Essay - Mary Rowlandson's Narrative Mary Rowlandson's the Narrative of the Captivity...


1 2 3 4 5 6 7 8 9 10 11 12 13 14 15 16 17 18 19 20 21
Copyright Notice

Mary Rowlandson's Narrative

Mary ***** The Narrative Of ***** Captivity And The Restoration: An Examination of Culture Clashes Through Literary *****mes

From the epic poetry ***** Homer to the his*****rical logs of Thucydides, the victor has always earned the right to function as the historical storyteller. In her short book, "the Narrative of the Captivity and the Restoration of Mrs. Mary Rowlandson," however, it is not the victors, but rather the captive who writes history. Because of this, Rowlandson's work can be considered a monumental piece of literature. In fact, University of California pr*****essor Harvey Pierce ***** that ***** type of work, later called the captivity novel, has an important function in the literary realm as a piece of historical ***** in which "***** fact" becomes second to "what the narrative w***** for the readers from whom it was written" (***** 1). Pierce ********** ***** "what the narrative was" for its readers can range from "religious confessional" ***** "visceral thriller;" and Rowlandson's work exhibits a bit of both of these extremes (1). In fact, Rowlandson uses both the *****mes of "religious [confession]" and "visceral thriller" to establish the cultural gap between herself and ***** Native Americans.

Through constant reliance on and references ***** God and religi***** during her *****, Rowlandson not only establishes ***** ***** as part "*****ous *****al," but also suggests the impenetrable cultural differences between ***** and her captors. The most straight*****ward example of this can be observed in "the fifth remove" on the Sabbath Day. Rowlandson narrates that ***** captors "bade [her] go to work," to which she made the na ve reply that she wished to rest, considering it was the Sabbath *****, and would do much more on the consecutive day. This logic was received with the *****tives' threat to "break [her] face." After this exchange, Rowlandson contemplates why ***** has allowed ***** Native Americans' continual escape from the Englishmen despite their ***** defiance of Christian doctrine (Rowlandson).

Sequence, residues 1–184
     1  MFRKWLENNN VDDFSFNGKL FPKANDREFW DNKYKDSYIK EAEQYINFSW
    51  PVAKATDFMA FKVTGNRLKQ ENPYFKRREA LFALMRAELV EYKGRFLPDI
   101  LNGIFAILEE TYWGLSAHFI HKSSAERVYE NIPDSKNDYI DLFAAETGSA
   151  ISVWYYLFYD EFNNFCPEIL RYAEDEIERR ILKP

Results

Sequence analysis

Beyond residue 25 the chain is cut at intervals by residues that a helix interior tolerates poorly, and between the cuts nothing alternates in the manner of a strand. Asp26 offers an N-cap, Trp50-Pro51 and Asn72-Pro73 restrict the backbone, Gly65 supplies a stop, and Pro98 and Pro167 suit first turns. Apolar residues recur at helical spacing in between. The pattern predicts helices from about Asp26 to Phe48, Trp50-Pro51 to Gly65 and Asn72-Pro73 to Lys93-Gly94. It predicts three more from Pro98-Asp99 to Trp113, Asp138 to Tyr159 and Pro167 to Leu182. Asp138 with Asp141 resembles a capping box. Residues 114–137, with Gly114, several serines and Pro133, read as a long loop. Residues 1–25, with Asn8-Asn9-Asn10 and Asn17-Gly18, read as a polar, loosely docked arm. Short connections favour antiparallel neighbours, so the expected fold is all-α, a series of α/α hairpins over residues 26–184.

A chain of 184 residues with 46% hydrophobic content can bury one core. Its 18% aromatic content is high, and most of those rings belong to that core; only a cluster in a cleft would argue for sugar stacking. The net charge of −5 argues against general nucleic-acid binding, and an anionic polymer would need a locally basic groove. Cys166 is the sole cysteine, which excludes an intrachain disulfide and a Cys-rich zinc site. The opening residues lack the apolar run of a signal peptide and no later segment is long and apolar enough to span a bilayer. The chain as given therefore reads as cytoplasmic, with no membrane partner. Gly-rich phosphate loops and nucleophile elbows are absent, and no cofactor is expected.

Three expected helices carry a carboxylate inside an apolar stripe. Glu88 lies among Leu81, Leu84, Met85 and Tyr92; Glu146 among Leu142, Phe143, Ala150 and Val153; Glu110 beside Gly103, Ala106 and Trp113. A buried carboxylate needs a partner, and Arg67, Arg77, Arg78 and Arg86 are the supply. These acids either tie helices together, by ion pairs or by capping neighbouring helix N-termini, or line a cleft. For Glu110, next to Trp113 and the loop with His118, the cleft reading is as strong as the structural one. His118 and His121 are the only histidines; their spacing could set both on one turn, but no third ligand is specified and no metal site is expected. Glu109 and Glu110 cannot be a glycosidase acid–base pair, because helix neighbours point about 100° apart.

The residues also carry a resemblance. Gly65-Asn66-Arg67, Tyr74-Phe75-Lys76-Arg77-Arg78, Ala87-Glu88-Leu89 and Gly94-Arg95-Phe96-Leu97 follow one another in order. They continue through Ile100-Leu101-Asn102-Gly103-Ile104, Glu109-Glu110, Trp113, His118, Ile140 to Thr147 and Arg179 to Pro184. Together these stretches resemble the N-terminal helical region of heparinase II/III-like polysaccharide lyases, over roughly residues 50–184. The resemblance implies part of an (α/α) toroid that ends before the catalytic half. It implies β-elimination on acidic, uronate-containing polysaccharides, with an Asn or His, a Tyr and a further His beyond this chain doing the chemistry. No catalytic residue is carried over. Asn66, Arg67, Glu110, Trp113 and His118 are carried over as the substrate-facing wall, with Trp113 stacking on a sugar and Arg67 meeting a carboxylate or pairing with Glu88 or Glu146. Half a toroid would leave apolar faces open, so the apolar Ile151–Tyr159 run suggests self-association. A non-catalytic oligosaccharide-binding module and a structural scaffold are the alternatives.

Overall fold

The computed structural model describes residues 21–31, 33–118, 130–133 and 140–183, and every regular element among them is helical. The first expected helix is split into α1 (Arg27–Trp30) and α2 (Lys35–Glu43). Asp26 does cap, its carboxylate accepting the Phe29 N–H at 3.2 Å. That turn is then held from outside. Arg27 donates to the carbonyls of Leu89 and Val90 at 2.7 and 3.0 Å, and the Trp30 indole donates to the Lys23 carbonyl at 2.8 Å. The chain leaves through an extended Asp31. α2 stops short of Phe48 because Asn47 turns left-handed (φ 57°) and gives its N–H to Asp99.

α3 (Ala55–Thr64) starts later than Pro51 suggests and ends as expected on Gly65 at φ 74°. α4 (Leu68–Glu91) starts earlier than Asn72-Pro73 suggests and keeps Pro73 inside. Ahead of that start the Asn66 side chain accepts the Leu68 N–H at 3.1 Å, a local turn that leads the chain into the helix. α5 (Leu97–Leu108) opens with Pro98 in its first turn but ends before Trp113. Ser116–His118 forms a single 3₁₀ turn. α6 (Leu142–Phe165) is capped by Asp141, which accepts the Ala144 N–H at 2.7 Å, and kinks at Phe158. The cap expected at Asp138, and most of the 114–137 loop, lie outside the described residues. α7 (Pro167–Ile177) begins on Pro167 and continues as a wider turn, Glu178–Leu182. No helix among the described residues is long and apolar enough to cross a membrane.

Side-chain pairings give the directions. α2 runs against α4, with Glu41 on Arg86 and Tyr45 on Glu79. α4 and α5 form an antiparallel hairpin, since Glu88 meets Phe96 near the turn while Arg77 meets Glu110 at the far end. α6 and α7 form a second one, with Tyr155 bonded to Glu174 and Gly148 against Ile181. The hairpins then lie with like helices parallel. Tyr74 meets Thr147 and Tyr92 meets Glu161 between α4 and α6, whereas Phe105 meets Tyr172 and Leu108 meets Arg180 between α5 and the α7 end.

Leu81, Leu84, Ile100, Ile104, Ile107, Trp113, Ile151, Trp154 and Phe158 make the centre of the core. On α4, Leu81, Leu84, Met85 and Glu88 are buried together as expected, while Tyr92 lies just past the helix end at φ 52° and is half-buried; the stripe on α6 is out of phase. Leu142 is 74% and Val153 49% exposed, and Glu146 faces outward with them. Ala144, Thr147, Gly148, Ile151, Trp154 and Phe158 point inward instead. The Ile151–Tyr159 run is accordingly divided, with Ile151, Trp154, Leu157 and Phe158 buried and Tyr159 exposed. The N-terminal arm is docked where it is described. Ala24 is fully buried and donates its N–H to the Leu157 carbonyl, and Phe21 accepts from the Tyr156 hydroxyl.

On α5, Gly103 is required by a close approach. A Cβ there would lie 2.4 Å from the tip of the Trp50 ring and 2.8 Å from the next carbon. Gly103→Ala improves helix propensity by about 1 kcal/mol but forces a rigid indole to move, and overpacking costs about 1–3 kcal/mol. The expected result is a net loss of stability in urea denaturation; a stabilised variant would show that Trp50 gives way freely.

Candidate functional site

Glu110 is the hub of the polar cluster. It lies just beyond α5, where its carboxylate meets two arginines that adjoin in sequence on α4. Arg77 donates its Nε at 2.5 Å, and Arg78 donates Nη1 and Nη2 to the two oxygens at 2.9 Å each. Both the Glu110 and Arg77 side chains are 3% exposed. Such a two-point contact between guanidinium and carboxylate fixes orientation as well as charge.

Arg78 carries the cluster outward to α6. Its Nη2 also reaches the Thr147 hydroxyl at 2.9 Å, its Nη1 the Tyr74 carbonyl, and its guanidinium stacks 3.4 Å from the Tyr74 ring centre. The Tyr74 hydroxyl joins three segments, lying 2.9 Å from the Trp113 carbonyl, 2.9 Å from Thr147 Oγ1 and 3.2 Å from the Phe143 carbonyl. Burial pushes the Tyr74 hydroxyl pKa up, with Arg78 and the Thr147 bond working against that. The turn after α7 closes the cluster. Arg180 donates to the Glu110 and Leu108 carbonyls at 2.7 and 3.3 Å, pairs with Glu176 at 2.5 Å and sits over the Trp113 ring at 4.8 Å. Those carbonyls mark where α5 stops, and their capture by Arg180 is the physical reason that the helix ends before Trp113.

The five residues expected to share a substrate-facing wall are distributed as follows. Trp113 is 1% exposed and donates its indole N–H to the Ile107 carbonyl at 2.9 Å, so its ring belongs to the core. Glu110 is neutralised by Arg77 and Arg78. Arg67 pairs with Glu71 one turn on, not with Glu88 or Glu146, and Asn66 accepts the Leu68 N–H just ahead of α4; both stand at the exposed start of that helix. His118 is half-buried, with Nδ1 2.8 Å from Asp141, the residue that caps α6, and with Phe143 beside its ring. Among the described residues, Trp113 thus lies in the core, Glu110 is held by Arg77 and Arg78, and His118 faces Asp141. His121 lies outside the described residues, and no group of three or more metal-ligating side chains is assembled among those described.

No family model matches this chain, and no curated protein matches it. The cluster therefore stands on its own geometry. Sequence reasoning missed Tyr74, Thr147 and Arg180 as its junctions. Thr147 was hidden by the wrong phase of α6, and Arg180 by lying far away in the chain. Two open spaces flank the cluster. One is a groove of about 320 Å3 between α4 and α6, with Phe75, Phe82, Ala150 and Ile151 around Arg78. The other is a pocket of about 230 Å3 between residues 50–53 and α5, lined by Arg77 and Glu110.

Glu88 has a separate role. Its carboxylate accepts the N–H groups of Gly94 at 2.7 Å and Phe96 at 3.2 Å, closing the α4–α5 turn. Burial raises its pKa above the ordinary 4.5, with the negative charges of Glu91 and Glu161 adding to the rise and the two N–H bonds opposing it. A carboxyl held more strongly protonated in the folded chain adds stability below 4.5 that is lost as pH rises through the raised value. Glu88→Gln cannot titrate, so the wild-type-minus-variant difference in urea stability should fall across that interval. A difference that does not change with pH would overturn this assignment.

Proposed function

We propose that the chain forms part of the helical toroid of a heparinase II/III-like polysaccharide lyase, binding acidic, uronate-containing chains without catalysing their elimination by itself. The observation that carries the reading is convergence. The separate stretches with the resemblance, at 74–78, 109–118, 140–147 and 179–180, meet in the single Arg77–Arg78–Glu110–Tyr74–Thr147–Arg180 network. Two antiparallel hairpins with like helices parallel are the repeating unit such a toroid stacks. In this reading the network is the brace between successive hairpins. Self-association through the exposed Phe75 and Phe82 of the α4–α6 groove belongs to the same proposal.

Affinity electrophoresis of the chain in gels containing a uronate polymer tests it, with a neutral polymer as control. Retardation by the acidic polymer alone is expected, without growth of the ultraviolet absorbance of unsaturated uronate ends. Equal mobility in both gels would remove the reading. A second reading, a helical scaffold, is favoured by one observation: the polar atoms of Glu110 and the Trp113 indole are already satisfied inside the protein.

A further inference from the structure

***** ***** episode, one can not ***** conclude that Rowlandson uses the captivity narrative as a confessional—questioning a God that allows "heathens" to ***** the muskets ***** Christian men—but one also realizes the stark difference between ***** Native's religious beliefs and hers. Contemporary observers reading Rowlandson's account would readily understand the differences between the two cultures' ***** beliefs b*****ed on the vast amount of scholarship, research, and study available about both faiths. According to Ameri***** Passages: A Literary Survey's renditions of Native ********** creation stories through ***** ancient oral tradition and contemporary poetry of Luci Tapahanso, Native American faiths "link people to the culture, myths, ***** land" through elaborate symbolic mythology ("***** Voices"). Similarly, contemporary students understand that ***** Christian faith presents a much more rigid view of cre*****tion, life, death, and life after death. Religion, therefore, represents a major ***** between the ***** cultures. Because Row*****son portrays ***** Native American religion as wrong or inferi*****, readers can quickly grasp the cultural gap that exists between the English and ***** Natives in this situation, allowing human sociology

. . . . [END OF ESSAY PREVIEW]

Download entire paper (and others like it)    |    Order a brand new, custom paper

© 2001–2017   |   Essays on Mary Rowlandson's Narrative Mary Rowlandson's the Narrative of the Captivity   |   Term Papers Models